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Steve Comus – GUN TALK

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Friday, July 12, 2019
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Sturm, Ruger & Company, Inc. recently announced its new Flag Series line of firearms that feature painted flag Cerakote® and flag camo dipped finishes. Other companies, like Legacy Sports International, have been doing similar things for a while and it is totally predictable that such varied finishes would become more of a part of the marketplace in the future.


For Ruger, the first four offerings in this new series feature attractive flag finishes and are built on the following platforms: AR-556® MPR, Ruger Precision® Rimfire and PC Carbine™ rifles, as well as the AR-556 Pistol.


comus_rugerbolt
RUGER BOLT RIFLE wears a flag motif in red, white and blue, only one of many various colorations that guns are now being adorned with. Quite a change from the “basic black” of the industry some years ago.

Finishes on firearms have been going through an evolutionary process for several decades now, starting in earnest with the introduction of readily available synthetic stocks back in the ‘70s. There were synthetic (plastic) stocks a couple of decades before that, but they came in two colors – black and brown. First came the camo finishes on stocks, and that evolution is virtually complete since it is likely that more hunting rifles and shotguns now are sold with some kind of camo or non-traditional finish than are sold with traditional wood and metal finishes.


As states began requiring blaze orange outer clothing years ago, I came up with a blaze orange rifle stock, reasoning that if a regular rifle were used against a background of blaze orange on the hunter, that the movement of the rifle would be very obvious, where if the rifle and background were both blaze orange, at least there would not be the appearance of movement when the rifle needed to be repositioned, etc.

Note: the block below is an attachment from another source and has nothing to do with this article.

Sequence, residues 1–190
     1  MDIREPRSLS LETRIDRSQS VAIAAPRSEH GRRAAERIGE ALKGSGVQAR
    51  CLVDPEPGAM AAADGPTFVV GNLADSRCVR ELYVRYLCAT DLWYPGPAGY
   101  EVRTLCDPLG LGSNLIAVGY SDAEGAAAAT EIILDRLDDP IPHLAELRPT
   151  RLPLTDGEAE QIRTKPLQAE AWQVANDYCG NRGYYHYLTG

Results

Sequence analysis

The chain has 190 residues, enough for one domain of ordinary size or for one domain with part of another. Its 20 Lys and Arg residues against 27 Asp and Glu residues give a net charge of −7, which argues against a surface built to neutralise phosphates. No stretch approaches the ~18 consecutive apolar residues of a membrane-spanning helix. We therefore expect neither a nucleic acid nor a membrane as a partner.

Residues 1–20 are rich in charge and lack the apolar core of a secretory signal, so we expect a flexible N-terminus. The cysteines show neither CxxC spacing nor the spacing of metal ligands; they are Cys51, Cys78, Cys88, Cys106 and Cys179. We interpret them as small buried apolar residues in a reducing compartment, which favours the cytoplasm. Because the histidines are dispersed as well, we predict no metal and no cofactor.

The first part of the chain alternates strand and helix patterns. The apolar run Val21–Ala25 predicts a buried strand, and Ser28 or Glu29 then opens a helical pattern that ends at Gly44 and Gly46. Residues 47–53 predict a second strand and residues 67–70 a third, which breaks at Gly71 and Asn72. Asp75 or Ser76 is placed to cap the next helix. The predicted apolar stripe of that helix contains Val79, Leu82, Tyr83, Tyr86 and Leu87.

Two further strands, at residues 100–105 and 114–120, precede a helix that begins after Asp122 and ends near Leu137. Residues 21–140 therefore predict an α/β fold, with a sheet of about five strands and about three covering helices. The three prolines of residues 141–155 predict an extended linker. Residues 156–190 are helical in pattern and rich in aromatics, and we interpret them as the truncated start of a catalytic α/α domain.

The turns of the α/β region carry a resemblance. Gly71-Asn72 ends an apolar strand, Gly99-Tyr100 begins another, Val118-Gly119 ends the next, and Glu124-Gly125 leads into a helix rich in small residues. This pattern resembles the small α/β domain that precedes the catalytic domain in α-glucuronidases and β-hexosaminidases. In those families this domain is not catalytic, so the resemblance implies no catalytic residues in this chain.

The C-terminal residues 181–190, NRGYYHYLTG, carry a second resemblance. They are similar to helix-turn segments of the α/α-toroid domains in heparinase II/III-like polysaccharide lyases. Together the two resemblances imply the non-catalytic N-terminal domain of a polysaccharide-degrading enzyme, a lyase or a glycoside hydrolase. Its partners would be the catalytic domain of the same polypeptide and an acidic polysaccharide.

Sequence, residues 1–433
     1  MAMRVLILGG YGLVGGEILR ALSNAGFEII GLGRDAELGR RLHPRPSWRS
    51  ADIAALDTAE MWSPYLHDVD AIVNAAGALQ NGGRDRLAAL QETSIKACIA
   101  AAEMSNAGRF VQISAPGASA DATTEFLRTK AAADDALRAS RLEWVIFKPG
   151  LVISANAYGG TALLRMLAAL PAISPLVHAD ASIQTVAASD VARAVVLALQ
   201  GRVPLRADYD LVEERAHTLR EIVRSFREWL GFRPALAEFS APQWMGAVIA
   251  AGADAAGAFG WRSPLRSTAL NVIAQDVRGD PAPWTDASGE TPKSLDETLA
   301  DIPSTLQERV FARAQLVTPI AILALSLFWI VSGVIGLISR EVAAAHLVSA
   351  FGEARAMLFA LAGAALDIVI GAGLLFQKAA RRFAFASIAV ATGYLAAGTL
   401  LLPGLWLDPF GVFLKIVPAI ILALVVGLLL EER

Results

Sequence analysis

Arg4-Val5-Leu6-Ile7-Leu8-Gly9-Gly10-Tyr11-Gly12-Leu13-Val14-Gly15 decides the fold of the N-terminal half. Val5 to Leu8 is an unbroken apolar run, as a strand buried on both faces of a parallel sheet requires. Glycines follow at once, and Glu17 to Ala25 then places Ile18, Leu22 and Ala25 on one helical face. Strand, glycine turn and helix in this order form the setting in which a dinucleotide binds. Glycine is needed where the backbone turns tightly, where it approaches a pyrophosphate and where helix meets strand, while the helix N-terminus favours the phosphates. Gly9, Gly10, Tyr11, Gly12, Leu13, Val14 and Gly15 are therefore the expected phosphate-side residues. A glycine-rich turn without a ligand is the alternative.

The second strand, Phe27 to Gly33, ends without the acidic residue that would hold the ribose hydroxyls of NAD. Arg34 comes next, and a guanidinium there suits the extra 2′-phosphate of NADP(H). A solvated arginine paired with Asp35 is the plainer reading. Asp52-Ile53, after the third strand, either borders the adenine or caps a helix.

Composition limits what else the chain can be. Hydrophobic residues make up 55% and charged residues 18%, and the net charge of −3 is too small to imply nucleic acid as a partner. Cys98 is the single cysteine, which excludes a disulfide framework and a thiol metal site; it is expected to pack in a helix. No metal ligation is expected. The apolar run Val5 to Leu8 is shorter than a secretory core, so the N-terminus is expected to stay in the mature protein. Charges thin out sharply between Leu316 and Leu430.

With the advent of polymer-frame pistols and AR types of rifles, the flood gates opened, because both types of arms lend themselves to about any kind of finish the maker and/or user can imagine. The basic guns are made of synthetic material, aluminum and steel – all basically with a dull, non-glare finish. That can be visually boring, so why not add some colorful pizzazz to the mix? And, red, white and blue are a nice combination, no?


Over the past couple of decades, brightly colored firearms for the most part have been the purview of the competition arm of the shooting sports industry. Both pistol race guns and sporting clays shotguns have been bright and colorful. And, exhibition shooters like John Cloherty of Southern California have been using brightly colored guns for demonstrations for years.


But it wasn’t until the past five years or so, and more markedly in the last couple of years, that companies have been adding all kinds of color to the finishes of various models. They sell, so that is the reason now for the proliferation. This trend says a lot more than just the fact that guns are becoming more colorful because now makers can do it with ease.


The true statement is about the users – the buyers and shooters. Guns are many things to different people. In the past, most of the focus has been on defense and hunting. Now, add fun to the mix. That’s right, guns are for fun and it can be more fun to shoot a colorful gun than a drab one.


I predict that this is not just a passing trend. I am convinced that more and more, we’ll be seeing more and more imagination put into the look of guns. Face it, what some folks feel is a sinister look of “assault weapons” is one of the reasons they want to outlaw them. This new trend in colorization of guns goes exactly the opposite direction.


Think of it this way. It is the logical outcome of the modularization of guns themselves. Modularization begs for virtually unlimited accessorizing. This means that the look of a given gun can be changed on a whim to fit the mood of the day for the shooter. Kind of like accessorizing basic clothing for different outings.


Think I jest? Ruger isn’t limiting its colorizing of models to the red, white and blue of the American flag. Nope. They also are offering motifs based on various state flags, etc. What great ways to have fun with guns!


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Steve Comus is a nationally recognized hunting editor with Safari Club International and a WON Guns and Hunting Guns Editor. His column appears every other week in WON and he can be reached at scomus@cox.net.


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